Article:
Clay-Colored Sparrow

Clay-colored Sparrow Photo by Alex Forsythe

We all have at least one elusive bird: the bird species that won’t allow us to see it for any length of time. We may hear it, we might see it as it flies away, or it might be the bird that the surrounding birders say “was just here five minutes ago”. The Clay-colored Sparrow was an elusive bird for me.

I have seen Clay-colored Sparrows, especially during the annual Birdathon fundraisers for the Indiana Dunes State Park. Granted, it’s difficult to see anything when you start birding at 2:00 a.m. (Don’t judge – we had to spot as many species as possible by 8:00 p.m. and we wanted to get the nocturnal birds to increase our count!), but we did see Clay-colored Sparrows on the Birdathons. However, they were always too far away for a decent photo. In fact, I have never been able to find a Clay-colored Sparrow willing to hold still long enough and close enough to allow me to take a photo. This year, my luck changed.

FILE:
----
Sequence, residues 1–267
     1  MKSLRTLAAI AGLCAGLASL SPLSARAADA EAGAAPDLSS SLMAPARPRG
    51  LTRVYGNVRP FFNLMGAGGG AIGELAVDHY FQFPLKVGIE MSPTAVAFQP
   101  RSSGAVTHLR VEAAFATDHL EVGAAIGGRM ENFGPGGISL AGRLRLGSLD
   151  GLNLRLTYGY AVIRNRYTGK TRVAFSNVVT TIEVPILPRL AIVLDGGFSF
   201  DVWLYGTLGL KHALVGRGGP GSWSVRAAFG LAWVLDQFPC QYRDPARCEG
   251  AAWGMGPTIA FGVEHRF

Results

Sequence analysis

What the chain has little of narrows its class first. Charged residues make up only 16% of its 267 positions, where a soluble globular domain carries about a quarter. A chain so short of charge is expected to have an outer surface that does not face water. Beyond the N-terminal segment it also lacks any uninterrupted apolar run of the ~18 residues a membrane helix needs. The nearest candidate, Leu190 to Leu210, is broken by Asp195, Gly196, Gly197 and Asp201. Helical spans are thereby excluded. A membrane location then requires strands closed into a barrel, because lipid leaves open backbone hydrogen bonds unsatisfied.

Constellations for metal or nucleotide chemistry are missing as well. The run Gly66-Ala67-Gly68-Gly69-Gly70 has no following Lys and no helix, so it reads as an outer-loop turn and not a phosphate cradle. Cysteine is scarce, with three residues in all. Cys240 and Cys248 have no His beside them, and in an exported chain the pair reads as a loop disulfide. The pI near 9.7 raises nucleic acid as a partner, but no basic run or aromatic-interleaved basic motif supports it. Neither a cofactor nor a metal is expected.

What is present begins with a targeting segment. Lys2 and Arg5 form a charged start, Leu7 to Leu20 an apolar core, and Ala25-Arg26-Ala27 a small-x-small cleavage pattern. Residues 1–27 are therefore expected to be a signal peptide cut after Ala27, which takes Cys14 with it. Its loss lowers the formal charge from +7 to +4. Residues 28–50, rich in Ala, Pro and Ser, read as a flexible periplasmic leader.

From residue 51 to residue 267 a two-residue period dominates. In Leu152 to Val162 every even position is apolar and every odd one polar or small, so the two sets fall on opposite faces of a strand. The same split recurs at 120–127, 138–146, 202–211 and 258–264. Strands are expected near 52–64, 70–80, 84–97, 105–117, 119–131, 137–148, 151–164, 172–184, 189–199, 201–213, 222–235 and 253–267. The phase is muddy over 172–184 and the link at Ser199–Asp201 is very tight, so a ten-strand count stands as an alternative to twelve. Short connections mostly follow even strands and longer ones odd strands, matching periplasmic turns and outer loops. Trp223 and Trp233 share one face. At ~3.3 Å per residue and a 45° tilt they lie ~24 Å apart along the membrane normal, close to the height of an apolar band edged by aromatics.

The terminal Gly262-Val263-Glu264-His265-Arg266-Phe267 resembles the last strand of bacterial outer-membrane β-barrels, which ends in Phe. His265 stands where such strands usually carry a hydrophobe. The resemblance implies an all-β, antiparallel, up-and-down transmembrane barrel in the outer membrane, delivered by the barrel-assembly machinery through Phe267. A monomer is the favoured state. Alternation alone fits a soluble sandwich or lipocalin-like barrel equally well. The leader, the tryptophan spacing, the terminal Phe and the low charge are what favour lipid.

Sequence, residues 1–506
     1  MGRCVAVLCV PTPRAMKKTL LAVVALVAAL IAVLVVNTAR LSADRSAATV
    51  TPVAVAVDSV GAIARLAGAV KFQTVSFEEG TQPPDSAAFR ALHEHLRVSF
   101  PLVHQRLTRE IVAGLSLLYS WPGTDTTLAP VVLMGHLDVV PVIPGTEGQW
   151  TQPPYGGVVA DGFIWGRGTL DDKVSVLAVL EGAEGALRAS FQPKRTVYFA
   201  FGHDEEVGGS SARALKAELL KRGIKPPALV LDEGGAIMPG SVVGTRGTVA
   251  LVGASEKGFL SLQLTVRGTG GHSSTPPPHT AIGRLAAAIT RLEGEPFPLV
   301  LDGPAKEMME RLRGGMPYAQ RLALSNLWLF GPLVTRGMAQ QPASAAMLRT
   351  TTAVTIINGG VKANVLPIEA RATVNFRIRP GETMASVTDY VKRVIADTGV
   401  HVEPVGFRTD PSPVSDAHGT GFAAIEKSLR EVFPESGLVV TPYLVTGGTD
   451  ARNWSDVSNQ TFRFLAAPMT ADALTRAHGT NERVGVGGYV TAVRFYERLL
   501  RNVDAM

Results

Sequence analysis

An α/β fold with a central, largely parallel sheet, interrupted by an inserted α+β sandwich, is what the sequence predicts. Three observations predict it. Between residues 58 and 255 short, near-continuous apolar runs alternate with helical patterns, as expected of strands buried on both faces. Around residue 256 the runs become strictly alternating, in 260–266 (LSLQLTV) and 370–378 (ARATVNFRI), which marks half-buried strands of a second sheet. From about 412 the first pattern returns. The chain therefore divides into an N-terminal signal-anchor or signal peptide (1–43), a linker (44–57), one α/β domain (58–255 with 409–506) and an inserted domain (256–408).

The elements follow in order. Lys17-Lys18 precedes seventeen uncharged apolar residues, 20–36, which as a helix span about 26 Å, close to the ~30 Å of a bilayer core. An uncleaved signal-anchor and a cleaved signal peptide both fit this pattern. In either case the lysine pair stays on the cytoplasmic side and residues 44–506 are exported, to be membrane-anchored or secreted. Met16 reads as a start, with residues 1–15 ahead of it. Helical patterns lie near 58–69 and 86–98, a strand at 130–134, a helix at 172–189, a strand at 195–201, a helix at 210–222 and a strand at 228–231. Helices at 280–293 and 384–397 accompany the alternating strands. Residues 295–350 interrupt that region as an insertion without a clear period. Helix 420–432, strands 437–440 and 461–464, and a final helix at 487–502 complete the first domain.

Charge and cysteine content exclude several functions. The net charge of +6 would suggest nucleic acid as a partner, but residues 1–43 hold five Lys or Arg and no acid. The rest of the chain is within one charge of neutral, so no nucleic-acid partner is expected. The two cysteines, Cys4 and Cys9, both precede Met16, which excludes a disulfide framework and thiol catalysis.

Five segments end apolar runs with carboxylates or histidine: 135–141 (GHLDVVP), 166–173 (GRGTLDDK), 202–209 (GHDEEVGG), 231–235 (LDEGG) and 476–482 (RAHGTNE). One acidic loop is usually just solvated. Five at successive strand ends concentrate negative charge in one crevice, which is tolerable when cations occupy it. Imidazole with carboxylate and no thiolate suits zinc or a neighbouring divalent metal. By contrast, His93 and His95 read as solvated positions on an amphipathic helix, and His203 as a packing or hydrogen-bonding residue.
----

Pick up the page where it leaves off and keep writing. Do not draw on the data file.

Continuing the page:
A few days ago, a Clay-colored Sparrow decided to drop in and visit our yard. It is an ideal oasis for migrating birds to recharge during their difficult, long journeys. Although we are surrounded by nothing but miles and miles of corn and soybeans, our property has a nice variety of habitats: mature hardwood woodlands, young woodlands, wooded wetlands, tall grasslands, shrubby areas, an orchard, small ponds, and mowed areas. The Clay-colored Sparrow spent most of its time in some young Bald Cypress trees bordering the shrubby area along the mature woodlands; I spent most of my time hiding in a row of pine trees hoping for a photo opportunity. For a brief moment, the bird held still not too far from me, and I got the picture you see here.

You’ll note the similarities between the Clay-colored and the Chipping Sparrow. The differences are subtle: the underside (buff vs. grayish), the bill (shorter vs. longer), white stripe in the center of the crown, and the dark mustache. One surprising note about the Clay-colored Sparrow: it’s not a bird prone to fidelity. The males keep the same territory every year, but the females shop around for new mates and territories each year.

Although it might not be loyal to its mate, I do hope this bird remains loyal to our property. I would love to see it every year and hopefully get even better photos next time!

0 Comments

Leave a reply

2017 Copyright ©  Indiana Audubon Society, Inc.

or

Log in with your credentials

Forgot your details?